“A DISTINCTLY AMERICAN CHARACTER OF PUBLIC SERVICE FOR THE AMERICAN PRESS”: RARE FRANKLIN AND HALL IMPRINT, FIRST AMERICAN EDITION OF THE QUAKER LIBERTY OF THE SPIRIT, 1759
(FRANKLIN, Benjamin, printer) RUTTY, John. The Liberty of the Spirit and of the Flesh Distinguished: In an Address to those Captives in Spirit among the People called Quakers, who are commonly called Libertines. Dublin, Printed: Philadelphia Reprinted by: B. Franklin, and D. Hall, 1759. Slim octavo (4-3/4 by 7-1/4 inches), original brown front paper wrapper with spine and rear wrapper renewed, early stitching; pp. [1-2], 3-19, , 21-53, , 55-64. Housed in a custom clamshell box. $3500.
First American edition of Quaker John Rutty’s work on spiritual and civic values, printed in Philadelphia by the firm of Benjamin Franklin and David Hall in 1759, with rarely found original front paper wrapper.
Dublin Quaker physician John Rutty “wrote many medical and religious books” (Campbell, 145), including Liberty of the Spirit, which he authored “to bring into view the degeneracy from the simplicity of their forefathers which was then spreading amongst the Friends” (The Friend Vol. XI: 46). This scarce first American edition of Liberty of the Spirit was printed by the firm of Benjamin Franklin and David Hall when, “in 1759 the Society of Friends in Philadelphia ordered the publication of this piece in an edition of 4000 copies, and… directed that the treatise be distributed in the same proportion as the 1759 Yearly Epistle, i.e., 1000 to stay in Philadelphia, 2000 to be divided among the quarterly meetings in the Provinces of Pennsylvania and New Jersey, and most of the remainder to go to Meetings” elsewhere in America (Miller 719).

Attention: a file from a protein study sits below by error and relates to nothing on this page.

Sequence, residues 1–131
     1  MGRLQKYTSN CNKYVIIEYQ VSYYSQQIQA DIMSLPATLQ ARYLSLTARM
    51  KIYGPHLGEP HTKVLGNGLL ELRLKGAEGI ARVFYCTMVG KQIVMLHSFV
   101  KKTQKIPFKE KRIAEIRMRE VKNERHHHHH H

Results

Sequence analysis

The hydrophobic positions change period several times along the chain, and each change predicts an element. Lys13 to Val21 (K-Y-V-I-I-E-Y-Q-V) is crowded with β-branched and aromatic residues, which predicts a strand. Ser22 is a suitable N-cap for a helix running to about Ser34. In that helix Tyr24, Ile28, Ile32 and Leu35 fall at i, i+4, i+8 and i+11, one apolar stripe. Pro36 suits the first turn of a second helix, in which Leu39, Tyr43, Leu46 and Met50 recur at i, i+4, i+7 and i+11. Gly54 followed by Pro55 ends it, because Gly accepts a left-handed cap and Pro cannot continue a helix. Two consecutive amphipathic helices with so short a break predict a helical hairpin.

“Of all those who plied the early American printing trade, Franklin was the most renowned and successful.” His views on civic responsibility and republicanism informed both his printing operations and a strong belief in freedom of the press. Franklin sought similar convictions in his associates, including the Scottish-born David Hall, who began as an apprentice to Franklin in 1743 before the two became partners in 1748. With this partnership of 18 years, Franklin and Hall “helped establish a distinctly American character of public service for the American press” ((Frasca, Benjamin Franklin’s Printing Network, 2, 220). While Franklin, after 1748, was no longer involved in the routine operations of his and Hall’s busy printing concern, the historical record, Franklin scholarship and bibliographic authorities clearly note that his over-arching role continued in many instances, especially in ordering type for the firm, which “was a responsibility Franklin had assumed from the outset of the partnership” (Miller, xxix). Not long before their firm issued this first American edition of Liberty of the Spirit, printed in Caslon type, Franklin, newly arrived in London in 1757, “dealt directly with the Caslon foundry” for castings of the type. Preceded by the first edition published in Dublin in 1756. Without rear wrapper. Sabin 74499. Hildeburn 1642. Miller 719. Evans 8486. Bookplate of “George Smith, M.D. Upper Darby,” likely belonging to the 19th-century Quaker physician who also served in the Pennsylvania State Senate and as an Associate Judge of the court of Common Pleas of Delaware County.
Text generally fresh with light scattered foxing, faint occasional marginal dampstaining, expert restoration to front wrapper and early leaves. A very good copy of this rare Franklin and Hall imprint.